Plaintiff next contends that the foreclosure sale was defective because he opines that the sale price was inadequate. In order to set aside a foreclosure sale, something more than just inadequacy of sale price must be shown. Mueller, at 536. There must be substantial evidence of irregularities concerning the sale, for example, the sale was held at an unusual hour, the trustee abused his discretion in exercising his power of sale, or there was unfairness or partiality in the conduct of the sale, and that the complaining party was harmed as a result of the irregularity. Boatmen's Bank v. Community Interiors, Inc., 721 S.W.2d. 72, 78 (Mo.App.1986) citing West v. Axtell, 322 Mo. 401, 17 S.W.2d. 328, 335 (1929). If a sale is "fairly and lawfully conducted, without fraud and partiality and with full opportunity for competitive bidding", then an inadequate sale price alone will not justify setting aside a foreclosure *119 sale. Boatmen's Bank, at 78; Mueller, at 536. Defendants' submitted affidavit of Chester L. Ponder (Editor and Publisher of the PROSPECT NEWS) shows that the published notice was in full compliance with § 443.320. By affidavit, defendant Johnson attests to the facts that he has no relationship with defendant Hackworth or the Bank, that he had no agreement with anyone (prior to the foreclosure sale) regarding his purchase of the property in question, and that his appearance at the foreclosure sale was in response to the notice of foreclosure he saw in the PROSPECT NEWS. Plaintiff provides no evidence whatsoever to contradict the affidavit testimony or to support any allegations of other irregularities of the sale besides the alleged inadequacy of price. Based upon the plaintiff's original purchase price of $60,000.00 and the balance due and owing at the time of foreclosure of approximately $31,000.00 plus interest, the foreclosure purchase price of approximately $33,000.00 is not grossly inadequate. Even if it were, there were no other irregularities with the sale, therefore the sale price alone would not justify setting aside the foreclosure sale.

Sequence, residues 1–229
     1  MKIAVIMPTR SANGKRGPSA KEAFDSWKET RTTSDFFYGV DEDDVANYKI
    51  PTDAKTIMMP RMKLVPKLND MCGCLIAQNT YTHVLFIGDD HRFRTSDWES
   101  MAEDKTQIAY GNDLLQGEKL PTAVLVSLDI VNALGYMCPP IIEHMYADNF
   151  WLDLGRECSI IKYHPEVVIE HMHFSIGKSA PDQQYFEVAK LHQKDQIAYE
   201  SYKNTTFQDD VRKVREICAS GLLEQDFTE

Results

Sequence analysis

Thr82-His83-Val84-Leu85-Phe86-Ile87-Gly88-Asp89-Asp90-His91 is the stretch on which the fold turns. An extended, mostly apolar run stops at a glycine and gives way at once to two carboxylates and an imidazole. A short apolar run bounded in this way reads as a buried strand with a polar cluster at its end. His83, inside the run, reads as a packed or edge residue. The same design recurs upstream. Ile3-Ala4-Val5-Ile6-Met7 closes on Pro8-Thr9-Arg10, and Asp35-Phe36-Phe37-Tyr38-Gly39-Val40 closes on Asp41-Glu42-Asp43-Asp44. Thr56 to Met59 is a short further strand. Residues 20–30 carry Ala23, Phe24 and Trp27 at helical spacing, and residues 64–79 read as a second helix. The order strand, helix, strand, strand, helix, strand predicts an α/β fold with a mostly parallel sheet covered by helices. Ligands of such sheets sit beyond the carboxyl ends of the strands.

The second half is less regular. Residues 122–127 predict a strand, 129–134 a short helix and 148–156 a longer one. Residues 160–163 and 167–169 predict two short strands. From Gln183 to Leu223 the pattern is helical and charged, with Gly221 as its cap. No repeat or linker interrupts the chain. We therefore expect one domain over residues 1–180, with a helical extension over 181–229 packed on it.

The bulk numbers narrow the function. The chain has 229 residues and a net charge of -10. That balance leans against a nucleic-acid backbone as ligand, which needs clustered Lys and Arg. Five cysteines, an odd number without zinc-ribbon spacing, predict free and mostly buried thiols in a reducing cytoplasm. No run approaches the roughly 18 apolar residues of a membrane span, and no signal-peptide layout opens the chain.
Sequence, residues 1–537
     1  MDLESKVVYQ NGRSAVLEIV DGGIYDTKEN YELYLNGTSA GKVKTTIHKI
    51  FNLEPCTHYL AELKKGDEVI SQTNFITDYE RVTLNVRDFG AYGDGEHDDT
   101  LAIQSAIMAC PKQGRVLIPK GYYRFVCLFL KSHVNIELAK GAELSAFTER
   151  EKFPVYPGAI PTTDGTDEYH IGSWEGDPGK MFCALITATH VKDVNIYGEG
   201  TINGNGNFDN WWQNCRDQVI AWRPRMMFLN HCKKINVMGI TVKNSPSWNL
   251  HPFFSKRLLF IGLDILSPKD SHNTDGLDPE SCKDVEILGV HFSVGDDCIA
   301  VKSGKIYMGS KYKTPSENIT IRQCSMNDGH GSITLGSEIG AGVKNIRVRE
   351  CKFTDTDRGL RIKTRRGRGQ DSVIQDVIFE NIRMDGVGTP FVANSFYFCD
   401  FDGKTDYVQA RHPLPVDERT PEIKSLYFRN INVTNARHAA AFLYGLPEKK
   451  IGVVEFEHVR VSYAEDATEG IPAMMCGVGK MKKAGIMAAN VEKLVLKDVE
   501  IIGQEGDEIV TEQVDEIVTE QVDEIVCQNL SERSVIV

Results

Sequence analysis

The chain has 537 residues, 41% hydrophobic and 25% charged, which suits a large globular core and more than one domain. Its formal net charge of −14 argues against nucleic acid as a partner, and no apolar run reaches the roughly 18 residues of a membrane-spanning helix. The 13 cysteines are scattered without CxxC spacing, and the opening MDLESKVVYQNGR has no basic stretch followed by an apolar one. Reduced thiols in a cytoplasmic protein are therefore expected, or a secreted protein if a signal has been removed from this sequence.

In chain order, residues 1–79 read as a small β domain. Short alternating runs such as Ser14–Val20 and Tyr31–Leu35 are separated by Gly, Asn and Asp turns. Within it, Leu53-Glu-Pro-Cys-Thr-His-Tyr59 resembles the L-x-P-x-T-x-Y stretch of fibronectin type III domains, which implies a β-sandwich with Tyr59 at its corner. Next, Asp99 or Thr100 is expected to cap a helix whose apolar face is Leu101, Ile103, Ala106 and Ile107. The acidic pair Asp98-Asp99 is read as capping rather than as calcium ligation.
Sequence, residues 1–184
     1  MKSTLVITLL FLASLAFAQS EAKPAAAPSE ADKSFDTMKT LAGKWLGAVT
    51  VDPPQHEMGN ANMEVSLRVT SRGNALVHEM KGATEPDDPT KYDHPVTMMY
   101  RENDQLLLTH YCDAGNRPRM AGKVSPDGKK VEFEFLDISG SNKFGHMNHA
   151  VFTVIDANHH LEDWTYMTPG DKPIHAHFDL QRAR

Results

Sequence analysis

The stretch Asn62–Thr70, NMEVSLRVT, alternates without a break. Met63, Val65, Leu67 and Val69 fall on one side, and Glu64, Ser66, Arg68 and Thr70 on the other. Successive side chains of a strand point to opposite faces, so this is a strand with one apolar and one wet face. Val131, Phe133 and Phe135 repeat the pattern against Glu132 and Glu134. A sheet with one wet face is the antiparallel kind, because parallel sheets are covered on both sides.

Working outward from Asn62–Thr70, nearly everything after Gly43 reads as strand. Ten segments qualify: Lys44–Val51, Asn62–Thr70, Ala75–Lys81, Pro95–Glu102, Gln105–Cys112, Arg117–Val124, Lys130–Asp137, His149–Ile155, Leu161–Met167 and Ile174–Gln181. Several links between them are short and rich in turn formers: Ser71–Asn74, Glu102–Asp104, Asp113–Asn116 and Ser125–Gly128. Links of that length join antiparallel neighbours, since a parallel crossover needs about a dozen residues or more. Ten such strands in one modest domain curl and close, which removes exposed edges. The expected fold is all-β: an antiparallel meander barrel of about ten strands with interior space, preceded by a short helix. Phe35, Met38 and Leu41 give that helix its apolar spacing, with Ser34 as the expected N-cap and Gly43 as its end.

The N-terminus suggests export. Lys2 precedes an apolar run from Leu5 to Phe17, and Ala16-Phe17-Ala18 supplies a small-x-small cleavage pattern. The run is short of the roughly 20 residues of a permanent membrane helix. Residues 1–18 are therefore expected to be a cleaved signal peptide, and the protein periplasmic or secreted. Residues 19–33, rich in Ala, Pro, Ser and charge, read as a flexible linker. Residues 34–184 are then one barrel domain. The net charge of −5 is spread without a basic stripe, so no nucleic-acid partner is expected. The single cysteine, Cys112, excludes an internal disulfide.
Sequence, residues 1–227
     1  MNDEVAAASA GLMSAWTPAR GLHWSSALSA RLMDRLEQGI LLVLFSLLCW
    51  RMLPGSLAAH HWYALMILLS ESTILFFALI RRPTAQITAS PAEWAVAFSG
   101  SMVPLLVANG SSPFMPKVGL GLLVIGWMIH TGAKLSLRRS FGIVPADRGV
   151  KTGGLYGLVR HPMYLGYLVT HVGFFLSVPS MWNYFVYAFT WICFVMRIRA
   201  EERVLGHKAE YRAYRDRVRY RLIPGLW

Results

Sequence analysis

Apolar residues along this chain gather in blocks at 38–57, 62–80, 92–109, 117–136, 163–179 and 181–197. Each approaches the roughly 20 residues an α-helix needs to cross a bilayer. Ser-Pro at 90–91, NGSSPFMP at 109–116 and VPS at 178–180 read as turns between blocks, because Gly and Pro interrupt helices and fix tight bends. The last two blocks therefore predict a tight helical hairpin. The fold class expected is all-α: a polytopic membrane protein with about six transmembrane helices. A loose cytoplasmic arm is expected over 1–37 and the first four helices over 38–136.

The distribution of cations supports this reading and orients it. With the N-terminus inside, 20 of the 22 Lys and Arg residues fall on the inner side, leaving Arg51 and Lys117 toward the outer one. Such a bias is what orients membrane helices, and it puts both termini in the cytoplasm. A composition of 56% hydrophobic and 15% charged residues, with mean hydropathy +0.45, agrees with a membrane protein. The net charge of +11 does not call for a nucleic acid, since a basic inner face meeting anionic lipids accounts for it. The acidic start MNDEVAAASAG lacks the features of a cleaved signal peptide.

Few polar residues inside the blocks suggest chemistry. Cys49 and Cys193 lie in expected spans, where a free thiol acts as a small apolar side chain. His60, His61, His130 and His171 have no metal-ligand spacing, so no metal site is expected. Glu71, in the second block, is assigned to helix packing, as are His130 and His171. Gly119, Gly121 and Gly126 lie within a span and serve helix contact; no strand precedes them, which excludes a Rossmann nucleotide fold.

As a final note, the plaintiff makes repeated assertions that defendants must prove that they have abided by all applicable federal laws; although plaintiff fails to state which federal laws he is referring to. This argument, too, is without merit.
The Court has reviewed the pleadings and affidavits submitted by the parties and finds that the defendants have met their original burden to demonstrate that "there is no genuine issue as to material fact and the moving party is entitled to judgment as a matter of law." Poller, 368 U.S. at 467, 82 S. Ct. at 488. The plaintiff, as the nonmoving party, has failed to set forth any specific facts or affirmative evidence which shows that there is a genuine dispute as to the notice of the foreclosure sale or the conduct of the foreclosure sale. Therefore, the Court grants the defendants' motion for summary judgment.